Oncofertility

Over the last 40 years there has been a visible progress in the cancer treatment. The survival rate of cancer patients has significantly increased. Treatment of cancer is a huge stress for the patient, but also for all of their cells – including reproductive cells. Modern medicine provides a number of opportunities through which it is possible to preserve fertility, despite of the use of anticancer therapy. Taking the appropriate steps at the moment of diagnosis, can be of great importance in the future. The American Association of Clinical Oncologist (ASCO) recommends that every patient at reproductive age, having to join the fight against cancer, was informed about the effects that chemotherapy and radiation have in the field of fertility, as well as about opportunities for patients who after recovery desire to have children.

The term ONCOFERTILITY means a series of procedures that help preserve fertility in patients diagnosed with cancer. During the period of treatment (radiotherapy or chemotherapy), the most damaging effects has irradiation of areas surrounding the ovaries and testes. Production of sperm i.e. male reproductive cells, after complete recovery may return, but it is otherwise in the case of ova, loss of which can unfortunately be complete. Ovaries are extremely sensitive to cytotoxic drugs that are used during therapy and whose task is to fight against cancer.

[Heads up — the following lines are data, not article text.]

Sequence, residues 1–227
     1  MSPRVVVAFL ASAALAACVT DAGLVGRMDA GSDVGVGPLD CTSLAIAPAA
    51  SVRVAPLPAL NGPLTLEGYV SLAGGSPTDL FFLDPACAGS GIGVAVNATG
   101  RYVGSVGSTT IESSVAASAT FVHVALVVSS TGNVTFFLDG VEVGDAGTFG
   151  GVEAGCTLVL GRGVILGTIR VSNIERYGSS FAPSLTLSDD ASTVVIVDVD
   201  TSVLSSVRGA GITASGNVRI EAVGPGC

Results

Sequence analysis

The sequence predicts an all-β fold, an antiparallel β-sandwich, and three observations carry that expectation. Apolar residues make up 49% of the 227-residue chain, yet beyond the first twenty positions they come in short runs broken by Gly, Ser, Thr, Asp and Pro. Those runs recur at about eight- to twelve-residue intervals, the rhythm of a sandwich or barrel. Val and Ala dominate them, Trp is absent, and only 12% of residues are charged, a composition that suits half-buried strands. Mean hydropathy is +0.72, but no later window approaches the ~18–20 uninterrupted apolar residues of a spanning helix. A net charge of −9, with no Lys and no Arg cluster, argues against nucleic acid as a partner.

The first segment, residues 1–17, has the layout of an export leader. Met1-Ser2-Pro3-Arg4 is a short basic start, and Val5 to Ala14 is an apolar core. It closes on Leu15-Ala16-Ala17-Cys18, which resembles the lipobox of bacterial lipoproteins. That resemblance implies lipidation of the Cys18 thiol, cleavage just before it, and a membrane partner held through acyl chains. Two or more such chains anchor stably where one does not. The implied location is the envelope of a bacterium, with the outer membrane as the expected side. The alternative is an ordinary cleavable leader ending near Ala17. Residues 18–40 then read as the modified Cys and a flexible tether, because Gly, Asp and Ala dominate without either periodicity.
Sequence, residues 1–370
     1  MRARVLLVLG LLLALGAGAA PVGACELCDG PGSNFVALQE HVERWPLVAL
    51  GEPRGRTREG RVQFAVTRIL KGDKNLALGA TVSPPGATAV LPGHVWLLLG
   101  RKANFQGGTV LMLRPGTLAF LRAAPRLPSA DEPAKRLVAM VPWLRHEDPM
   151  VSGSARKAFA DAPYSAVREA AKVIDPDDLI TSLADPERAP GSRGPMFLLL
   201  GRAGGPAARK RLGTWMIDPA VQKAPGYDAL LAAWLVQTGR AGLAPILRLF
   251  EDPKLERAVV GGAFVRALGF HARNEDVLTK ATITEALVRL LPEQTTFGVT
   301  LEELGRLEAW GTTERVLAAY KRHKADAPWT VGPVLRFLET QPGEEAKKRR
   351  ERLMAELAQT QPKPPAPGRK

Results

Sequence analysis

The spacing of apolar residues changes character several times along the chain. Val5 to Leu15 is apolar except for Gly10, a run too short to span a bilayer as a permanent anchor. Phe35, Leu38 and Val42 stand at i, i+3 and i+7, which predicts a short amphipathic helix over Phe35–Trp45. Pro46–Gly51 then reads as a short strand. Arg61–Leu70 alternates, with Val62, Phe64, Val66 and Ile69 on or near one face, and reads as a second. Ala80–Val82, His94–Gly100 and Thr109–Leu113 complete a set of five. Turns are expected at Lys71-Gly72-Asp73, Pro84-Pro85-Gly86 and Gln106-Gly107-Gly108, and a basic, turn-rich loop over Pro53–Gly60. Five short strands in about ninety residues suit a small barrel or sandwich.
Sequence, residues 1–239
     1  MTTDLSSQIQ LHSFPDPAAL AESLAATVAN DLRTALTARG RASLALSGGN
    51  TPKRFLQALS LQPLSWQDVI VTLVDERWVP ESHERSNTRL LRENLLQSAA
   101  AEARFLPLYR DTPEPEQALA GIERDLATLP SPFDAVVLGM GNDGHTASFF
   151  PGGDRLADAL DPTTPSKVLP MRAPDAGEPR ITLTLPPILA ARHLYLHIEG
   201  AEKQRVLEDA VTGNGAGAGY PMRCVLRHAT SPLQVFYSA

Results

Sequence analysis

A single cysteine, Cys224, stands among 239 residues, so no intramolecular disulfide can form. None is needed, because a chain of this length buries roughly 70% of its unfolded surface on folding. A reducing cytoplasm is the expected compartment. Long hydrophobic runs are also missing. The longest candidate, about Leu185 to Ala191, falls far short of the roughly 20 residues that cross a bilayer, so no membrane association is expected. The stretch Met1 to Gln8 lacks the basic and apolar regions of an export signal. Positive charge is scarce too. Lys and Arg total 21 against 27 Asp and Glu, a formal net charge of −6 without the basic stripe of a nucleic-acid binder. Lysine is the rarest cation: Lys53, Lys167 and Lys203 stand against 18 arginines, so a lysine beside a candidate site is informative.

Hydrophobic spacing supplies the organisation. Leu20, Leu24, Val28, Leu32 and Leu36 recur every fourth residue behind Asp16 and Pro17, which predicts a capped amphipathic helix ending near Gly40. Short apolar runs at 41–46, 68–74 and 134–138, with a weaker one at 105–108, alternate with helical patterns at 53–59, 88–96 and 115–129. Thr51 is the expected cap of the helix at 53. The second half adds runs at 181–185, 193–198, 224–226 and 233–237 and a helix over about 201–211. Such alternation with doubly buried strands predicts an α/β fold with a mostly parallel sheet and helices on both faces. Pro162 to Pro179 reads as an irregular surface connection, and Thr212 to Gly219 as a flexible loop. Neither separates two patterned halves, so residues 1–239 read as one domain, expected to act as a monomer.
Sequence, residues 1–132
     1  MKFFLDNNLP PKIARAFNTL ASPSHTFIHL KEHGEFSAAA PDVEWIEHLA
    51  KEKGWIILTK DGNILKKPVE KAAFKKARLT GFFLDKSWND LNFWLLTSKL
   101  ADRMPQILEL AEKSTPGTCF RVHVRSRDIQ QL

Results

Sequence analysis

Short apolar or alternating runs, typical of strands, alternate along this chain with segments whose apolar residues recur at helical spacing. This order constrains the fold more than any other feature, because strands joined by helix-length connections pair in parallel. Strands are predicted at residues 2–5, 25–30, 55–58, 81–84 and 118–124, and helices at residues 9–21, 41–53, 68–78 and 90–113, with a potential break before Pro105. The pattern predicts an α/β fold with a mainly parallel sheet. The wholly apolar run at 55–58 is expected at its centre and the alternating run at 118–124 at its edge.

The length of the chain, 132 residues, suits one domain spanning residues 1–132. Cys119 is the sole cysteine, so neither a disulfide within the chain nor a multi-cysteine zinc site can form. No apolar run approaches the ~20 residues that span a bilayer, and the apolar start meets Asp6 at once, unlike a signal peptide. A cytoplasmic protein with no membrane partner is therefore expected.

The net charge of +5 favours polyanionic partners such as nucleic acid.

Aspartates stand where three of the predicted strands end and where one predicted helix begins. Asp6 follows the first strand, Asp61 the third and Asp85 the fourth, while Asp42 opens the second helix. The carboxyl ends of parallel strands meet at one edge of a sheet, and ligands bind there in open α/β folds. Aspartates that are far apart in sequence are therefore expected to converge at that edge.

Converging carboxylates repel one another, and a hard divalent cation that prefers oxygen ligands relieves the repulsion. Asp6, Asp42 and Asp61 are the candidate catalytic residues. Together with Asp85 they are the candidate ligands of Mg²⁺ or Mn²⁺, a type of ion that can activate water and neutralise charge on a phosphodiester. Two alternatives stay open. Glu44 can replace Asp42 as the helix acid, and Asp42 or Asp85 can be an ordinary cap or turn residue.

BEFORE ANTICANCER THERAPY

The basic method of protecting fertility before starting cancer therapy is cryopreservation. This term describes the method by which a long-term storage of frozen reproductive cells is possible. Biological material, transferred to the laboratory, is prepared according to specific methods. Freezing process is completely safe and controlled. It is performed in the presence of special substances (cryoprotectants) whose function is to protect cells against damage.

The loss of fertility can be prevented by:

SEMEN FREEZING

OOCYTES FREEZING

FREEZING OF EMBRYOS ARISING UNDER IN VITRO FERTILIZATION

FREEZING OF OVARIAN TISSUE

There are also ways to protect fertility, which are not related to freezing, but their efficiency is much lower. These include ovarian and testicular protection at the time of irradiation or pharmacological treatment, such as the inhibition of ovarian functions.

Selection of the appropriate method to protect fertility should be deeply thought over by you and consulted with a doctor and oncologist specializing in the treatment of infertility. It should also be dependent on:

CANCER IN CHILDREN AND SUBSEQUENT PARENTING

The topic of fertility preservation should be presented to the parents of children diagnosed with cancer. Though it is psychologically difficult issue, it should be routinely presented by oncologists, as it allows to have children in later adult life. Girls at prepubertal age have no hormonally active ovaries, so the risk of damage by anticancer therapy is lower than in women at reproductive age. The best prophylactic solution is to collect laparoscopically ovarian tissue and freeze it, then the use of it at childbearing age for transplant.